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Difference Between Grout and Caulk
Grout and caulk are two terms that are generally used interchangeably but they mean different things. If you don’t work with these items often it’s completely understandable how you might struggle with knowing the difference between the two.
The following information will arm you with just the right knowledge just in case you decide to move full speed ahead with your bathroom remodel.
What Do You Use Grout For?
The official definition of grout is a mortar or paste for filling crevices, especially the gaps between wall or floor tiles.
Grout is used to connect adjoining objects into a solid mass. In plain old English terms, grout fills the spaces in between tile joints and helps keep them in place.
It is recommended that when grout is applied that is only used to connect to like surfaces together.
Sanded vs Unsanded Grout
Unsanded grout is often scratchy, lumpy and sticks to the edge of the tile. It often adheres to other things rather than itself. You often get too much adhesion and not enough cohesion.
Sanded grout is a lot more uniform, consistent and smooth.
One of the biggest problems with unsanded grout is that it dries too quickly and too hard. When you compare it to sanded grout is all portland cement and can be wiped up hours or even days later before it’s completely set and sealed.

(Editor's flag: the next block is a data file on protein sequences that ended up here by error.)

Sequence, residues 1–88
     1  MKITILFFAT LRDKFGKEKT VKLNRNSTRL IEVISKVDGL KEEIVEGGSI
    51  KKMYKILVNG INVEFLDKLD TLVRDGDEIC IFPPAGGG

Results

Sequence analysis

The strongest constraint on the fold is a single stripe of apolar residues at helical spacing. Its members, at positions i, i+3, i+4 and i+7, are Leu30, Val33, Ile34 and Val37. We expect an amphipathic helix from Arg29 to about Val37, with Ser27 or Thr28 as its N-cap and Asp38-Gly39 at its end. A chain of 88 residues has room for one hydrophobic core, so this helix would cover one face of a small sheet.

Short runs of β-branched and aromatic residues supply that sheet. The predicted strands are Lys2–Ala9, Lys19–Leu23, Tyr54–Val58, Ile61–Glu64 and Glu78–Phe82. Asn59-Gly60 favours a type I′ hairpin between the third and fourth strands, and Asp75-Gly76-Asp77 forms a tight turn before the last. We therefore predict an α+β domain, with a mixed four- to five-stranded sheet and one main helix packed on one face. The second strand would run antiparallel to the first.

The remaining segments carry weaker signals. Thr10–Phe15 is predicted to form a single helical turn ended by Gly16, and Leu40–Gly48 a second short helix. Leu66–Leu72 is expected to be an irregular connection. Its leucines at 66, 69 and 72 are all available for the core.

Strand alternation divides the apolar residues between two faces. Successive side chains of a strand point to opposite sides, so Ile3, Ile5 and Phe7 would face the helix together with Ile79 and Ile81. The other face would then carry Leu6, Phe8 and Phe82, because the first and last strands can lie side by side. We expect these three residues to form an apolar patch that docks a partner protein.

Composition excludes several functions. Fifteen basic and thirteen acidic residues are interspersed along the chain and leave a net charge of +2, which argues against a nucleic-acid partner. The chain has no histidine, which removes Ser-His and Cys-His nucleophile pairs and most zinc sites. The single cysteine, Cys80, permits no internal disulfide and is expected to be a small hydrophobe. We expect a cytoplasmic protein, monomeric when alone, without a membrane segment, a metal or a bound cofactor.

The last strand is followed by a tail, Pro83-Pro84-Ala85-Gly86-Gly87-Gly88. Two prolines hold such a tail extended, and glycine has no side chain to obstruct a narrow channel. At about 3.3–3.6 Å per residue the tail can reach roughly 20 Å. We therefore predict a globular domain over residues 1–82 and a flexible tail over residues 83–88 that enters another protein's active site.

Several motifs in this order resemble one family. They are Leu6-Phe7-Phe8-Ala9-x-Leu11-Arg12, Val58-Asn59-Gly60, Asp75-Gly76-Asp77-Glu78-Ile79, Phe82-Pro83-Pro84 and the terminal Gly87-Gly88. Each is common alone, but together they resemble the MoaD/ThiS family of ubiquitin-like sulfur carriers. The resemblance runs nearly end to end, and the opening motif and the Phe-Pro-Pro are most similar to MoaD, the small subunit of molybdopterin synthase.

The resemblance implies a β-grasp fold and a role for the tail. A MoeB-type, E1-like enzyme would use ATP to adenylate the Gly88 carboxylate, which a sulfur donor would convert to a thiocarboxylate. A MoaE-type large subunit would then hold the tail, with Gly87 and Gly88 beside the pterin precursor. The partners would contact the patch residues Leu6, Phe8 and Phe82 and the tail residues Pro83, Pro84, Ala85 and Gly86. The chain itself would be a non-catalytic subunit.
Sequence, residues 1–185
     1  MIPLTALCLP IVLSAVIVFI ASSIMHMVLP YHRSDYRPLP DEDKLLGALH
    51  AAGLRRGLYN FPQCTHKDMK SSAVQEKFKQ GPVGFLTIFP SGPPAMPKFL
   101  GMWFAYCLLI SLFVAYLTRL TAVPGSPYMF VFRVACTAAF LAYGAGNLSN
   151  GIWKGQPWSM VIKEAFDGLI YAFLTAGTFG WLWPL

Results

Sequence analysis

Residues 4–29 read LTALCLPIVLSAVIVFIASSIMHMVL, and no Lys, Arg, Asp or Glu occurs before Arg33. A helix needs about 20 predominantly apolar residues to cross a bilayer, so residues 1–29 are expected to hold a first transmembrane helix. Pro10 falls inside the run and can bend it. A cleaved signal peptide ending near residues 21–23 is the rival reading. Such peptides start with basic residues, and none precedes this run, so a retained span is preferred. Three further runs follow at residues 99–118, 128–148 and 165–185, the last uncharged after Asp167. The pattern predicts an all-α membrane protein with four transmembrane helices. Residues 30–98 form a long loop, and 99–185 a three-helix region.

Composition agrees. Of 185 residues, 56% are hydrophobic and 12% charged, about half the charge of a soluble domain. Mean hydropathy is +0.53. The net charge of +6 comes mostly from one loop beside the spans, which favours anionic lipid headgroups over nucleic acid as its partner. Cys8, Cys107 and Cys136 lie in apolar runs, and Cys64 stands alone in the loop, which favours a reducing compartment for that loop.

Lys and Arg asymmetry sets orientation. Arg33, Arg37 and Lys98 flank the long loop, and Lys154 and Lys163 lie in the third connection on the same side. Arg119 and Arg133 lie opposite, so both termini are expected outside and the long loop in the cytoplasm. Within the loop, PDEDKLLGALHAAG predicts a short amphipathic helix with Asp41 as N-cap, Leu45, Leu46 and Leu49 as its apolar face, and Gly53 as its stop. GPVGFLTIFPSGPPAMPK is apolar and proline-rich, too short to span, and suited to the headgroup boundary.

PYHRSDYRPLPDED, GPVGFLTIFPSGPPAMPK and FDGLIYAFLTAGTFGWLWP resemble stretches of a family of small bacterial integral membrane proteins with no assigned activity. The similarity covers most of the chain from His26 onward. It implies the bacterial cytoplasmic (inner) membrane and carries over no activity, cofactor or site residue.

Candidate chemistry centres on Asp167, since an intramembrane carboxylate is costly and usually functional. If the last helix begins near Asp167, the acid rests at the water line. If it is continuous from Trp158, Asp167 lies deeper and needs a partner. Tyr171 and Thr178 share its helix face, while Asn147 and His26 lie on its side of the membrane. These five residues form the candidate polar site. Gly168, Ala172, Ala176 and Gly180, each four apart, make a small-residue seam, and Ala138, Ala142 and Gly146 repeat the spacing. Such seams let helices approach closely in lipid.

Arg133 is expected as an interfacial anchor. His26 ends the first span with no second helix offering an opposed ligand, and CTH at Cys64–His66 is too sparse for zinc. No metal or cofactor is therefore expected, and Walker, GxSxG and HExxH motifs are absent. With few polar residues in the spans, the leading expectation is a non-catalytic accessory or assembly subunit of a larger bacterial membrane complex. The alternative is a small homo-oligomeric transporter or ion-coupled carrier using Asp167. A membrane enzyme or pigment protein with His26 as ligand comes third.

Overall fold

You can always wipe up haze or adjust your grout line. With unsanded grout, it’s essentially glue. Most unsanded grout a water based urethane as part of its ingredients which turns it into a glue-like substance.
With a wet rag, you can wipe up 48 hour old sanded grout with little effort. With unsanded grout, you would be unable to wipe it up even if it were only 4 hours old.
Always use sanded grout unless you absolutely have to use unsanded grout and those situations are rare. Use only for smaller joints, 1/16 of an inch or less, when you have stainless steel or soft glass tiles.
What Do You Use Caulking For?
The official definition to caulking is a waterproof filler and sealant, used in building work and repairs.
Caulking, quite different from grout, is designed to fill gaps between two different types of surfaces.
It is most often used in areas like bathtubs and showers where water is present. It helps seal cracks and crevices from moisture.
Caulking is mostly applied at 90-degree angles where your tub meets the bathroom floor or along the corners of the shower tiles from the tub to the ceiling.
You’ll also see caulking applied to a backsplash in a kitchen, along the edges of windows and where your sink or vanity meets.
By far the most common areas to use caulking is in the bathroom by the shower or tub.
Why Should Know The Difference Between Grout and Caulk?
The biggest reason why it pays to know the difference between grout and caulk is to that you won’t put grout where caulk is supposed to go and visa versa.
If you put caulk where grout should go the caulk will hold water behind the joint. Grout is designed for water to pass in or out, hence your shower can dry out when there is water behind the tile.
The grout will absorb the water when it gets behind the tile and needs to be able to get out. When you put caulking in the joints the problem you have is that you’ve now blocked the water behind the caulking.
Then, of course, you get mold and mildew. It’s a fairly simple cleanup. You can blast the caulk out with a power washer and replace the caulk with grout again.